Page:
On Jan. 4, Mayor Eric Adams signed an executive order to amend violations small businesses face in order to help provide some economic relief with fewer or reduced fines.
The new mayor visited the oldest Chinese-American tourist market in New York on Tuesday, Pearl River Mart at 452 Broadway, where he himself has made purchases in the past. Flanked by Manhattan Borough President Mark Levine and City Councilman Chris Marte, Adams spoke candidly regarding the financial loss AAPI business owners have undergone.
“We know that this city is made up of working people. Everyday people with narratives and stories of coming here as immigrants and opening a small shop or selling something on the streets and then you graduate to open your own small business. Investing all of your money to open a restaurant as a dishwasher, only to have the Department of Buildings take two years to give you a CFO, or National Grid to take another three years to turn on the gas, or Con Edison taking even longer to turn on your electricity, or having agencies walk in and fine first instead of fixing and giving you the support that you deserve. So, Pearl River Mart, we’re going to put you on a new river. A river of hope and prosperity. We’re going to be your partners and not your enemy. This is a landmark Asian American business that’s been a cornerstone of the community,” Adams said.
Deputy Mayor for Economic & Workforce Development, Maria Torres-Springer underscored the difficulty of running a small business in the best of times and stated that 98% of New York City’s 230,000 businesses have less than 100 employees. With the economic crisis induced by the COVID-19 pandemic, many of these small businesses have struggled to stay open with a skeletal staff.
“This is changing fundamentally the city’s relationship with small businesses, changing the culture of agencies so that we work harder for small businesses. This is about making sure that we give small businesses the room and the freedom to propel our economic recovery,” Torres-Springer said.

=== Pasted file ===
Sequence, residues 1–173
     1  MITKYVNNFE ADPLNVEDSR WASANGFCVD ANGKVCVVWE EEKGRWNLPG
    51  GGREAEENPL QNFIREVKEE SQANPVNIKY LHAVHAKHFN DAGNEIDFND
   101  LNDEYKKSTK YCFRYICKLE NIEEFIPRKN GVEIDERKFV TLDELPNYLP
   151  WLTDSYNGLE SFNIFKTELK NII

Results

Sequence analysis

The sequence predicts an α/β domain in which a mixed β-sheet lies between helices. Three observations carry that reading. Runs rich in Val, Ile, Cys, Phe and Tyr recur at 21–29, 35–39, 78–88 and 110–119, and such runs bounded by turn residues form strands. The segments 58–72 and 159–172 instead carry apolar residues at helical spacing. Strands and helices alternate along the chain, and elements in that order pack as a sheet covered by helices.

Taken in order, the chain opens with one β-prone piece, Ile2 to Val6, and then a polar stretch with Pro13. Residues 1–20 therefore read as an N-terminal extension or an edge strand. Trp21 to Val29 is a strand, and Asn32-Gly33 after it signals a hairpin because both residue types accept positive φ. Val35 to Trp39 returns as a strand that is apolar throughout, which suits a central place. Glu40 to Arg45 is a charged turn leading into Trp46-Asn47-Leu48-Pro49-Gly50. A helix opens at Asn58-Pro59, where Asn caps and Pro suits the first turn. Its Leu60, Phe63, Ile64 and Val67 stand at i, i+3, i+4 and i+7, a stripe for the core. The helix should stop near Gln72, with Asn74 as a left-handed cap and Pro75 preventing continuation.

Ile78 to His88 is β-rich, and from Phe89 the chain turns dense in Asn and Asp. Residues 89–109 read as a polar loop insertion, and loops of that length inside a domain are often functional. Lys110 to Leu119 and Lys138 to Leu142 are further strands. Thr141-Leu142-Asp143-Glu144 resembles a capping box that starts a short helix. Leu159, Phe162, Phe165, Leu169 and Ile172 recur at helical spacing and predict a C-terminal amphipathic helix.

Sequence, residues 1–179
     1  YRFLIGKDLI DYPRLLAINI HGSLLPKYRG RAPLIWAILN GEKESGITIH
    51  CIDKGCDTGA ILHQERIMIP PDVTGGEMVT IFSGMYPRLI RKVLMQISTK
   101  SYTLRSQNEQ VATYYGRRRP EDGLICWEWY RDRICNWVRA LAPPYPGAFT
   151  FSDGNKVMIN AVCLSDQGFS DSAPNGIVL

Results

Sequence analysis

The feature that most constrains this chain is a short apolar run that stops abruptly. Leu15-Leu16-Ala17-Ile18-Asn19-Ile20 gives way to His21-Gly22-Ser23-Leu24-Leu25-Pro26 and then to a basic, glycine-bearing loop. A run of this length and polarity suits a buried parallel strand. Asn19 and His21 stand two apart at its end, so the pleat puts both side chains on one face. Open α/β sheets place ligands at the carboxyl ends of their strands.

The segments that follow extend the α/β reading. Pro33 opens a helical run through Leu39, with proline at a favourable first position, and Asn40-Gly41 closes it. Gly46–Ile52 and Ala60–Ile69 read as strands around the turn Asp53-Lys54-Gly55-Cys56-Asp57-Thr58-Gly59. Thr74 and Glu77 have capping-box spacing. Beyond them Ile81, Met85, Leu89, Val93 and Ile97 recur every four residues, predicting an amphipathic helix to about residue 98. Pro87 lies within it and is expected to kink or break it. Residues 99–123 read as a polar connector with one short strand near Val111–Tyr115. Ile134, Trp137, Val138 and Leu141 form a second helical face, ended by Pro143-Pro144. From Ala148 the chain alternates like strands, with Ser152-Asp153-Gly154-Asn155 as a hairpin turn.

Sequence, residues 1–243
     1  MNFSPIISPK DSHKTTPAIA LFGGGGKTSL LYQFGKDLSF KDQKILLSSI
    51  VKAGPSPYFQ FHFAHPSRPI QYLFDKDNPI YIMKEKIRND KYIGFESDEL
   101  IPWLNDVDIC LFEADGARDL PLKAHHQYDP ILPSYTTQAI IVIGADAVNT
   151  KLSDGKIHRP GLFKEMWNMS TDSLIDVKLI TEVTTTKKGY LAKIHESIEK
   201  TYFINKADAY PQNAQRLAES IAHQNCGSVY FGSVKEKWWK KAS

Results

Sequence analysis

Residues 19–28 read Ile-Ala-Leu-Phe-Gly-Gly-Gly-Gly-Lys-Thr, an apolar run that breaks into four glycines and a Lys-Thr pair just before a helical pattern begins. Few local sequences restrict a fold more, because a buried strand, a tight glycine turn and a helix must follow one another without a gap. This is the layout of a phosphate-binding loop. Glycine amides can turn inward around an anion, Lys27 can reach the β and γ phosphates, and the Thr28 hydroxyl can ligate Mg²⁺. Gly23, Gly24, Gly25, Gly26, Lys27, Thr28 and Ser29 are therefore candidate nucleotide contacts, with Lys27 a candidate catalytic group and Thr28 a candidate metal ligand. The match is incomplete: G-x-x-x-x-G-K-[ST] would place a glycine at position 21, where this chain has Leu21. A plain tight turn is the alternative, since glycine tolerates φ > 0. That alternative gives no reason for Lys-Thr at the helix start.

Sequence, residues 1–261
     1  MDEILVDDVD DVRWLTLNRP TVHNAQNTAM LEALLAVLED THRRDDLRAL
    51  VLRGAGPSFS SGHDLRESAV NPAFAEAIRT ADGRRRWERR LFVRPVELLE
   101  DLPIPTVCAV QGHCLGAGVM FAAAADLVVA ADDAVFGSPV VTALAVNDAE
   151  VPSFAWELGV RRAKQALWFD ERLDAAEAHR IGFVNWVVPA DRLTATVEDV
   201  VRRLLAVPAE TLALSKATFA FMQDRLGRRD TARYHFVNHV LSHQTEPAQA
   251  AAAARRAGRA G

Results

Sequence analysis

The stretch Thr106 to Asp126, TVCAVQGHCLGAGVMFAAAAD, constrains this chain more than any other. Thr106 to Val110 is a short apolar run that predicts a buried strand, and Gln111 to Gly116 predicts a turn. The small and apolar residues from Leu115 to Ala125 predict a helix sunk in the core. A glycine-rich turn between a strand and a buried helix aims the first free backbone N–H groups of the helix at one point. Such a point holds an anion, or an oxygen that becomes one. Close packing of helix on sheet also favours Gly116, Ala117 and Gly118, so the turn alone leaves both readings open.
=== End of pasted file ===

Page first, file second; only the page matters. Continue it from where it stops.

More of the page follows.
The “Small Business forward” executive order is set to reform small business violations, which would allow for fines to be reduced and even replaced with warnings for those who are first-time violators. With the precarious future of dining, tourism, and overall commerce in the city in dire straits due to the surge in COVID-19 cases, Mayor Adams says he took this step to ensure local businesses do not suffer needless fines and penalties due to small infractions.
“We have used our agencies to turn the American dream into a nightmare. Every day, all day, in the way of small businesses not allowing them to flourish and grow, resenting the fact when an agency walked through the door, not to say we’re here to help, but we’re here to hurt and that has to stop,” Adams said.
The order takes the existing Local Law 80—an amendment of administrative code of the city that reduces penalties and allows for opportunities to cure violations within a specific time frame—several steps forward by having agencies review and identify 25 health and hygiene violations (over the course of three months) that are responsible for the greatest number of summonses with the Department of Buildings, Department of Environmental Protection, Department of Sanitation, Fire Department, Department of Consumer and Worker Protection, and the Department of Health and Mental Hygiene. Thus, creating an Inter-Agency Working Group, which will be overseen by the Deputy Mayor for Economic and Workforce Development and the SBS Commissioner.
“We want to be here to make sure these businesses grow. They have the hustle; we’re going to give them the flow and allow them to continue to bring commerce to our city. So today, I signed an Executive Order to reform Small Business violations, slash red tape, reduce needless fines and penalties. It will bring relief to our hard-working entrepreneurs,” Adams said.
After the agencies make their list of frequent violations, they then recommend which should be reformed, eliminated, have the fine schedules scaled back, allow a first-time warning or determine a time for cure periods (for first-time violations). If no recommendation action is available, then the agency must explain why the status quo must remain. Additionally, these city organizations must supply their suggestions on the ways these violations should be reformed whether through city or state legislation or specific rules to be identified.
The executive order also stresses that once these violations have been identified and amended, enforcement agencies should review and update their tracking system, inspection procedures, training, and more.
“With the goal of encouraging compliance, reducing fine schedules and allowing for cure periods or warnings to approach time violation. You just open a new business, you make a mistake. You should not be hit with a fine that’s going to provent you from keeping your doors open. We’re going to put in a warning system that will allow those businesses to have a period of time for those non-emergency health violations, a period of time to fix the problem. That’s the goal. The goal is not to harm you, but to help you within three months,” Adams said.
Ex-Brit turned Manhattan resident since 2008.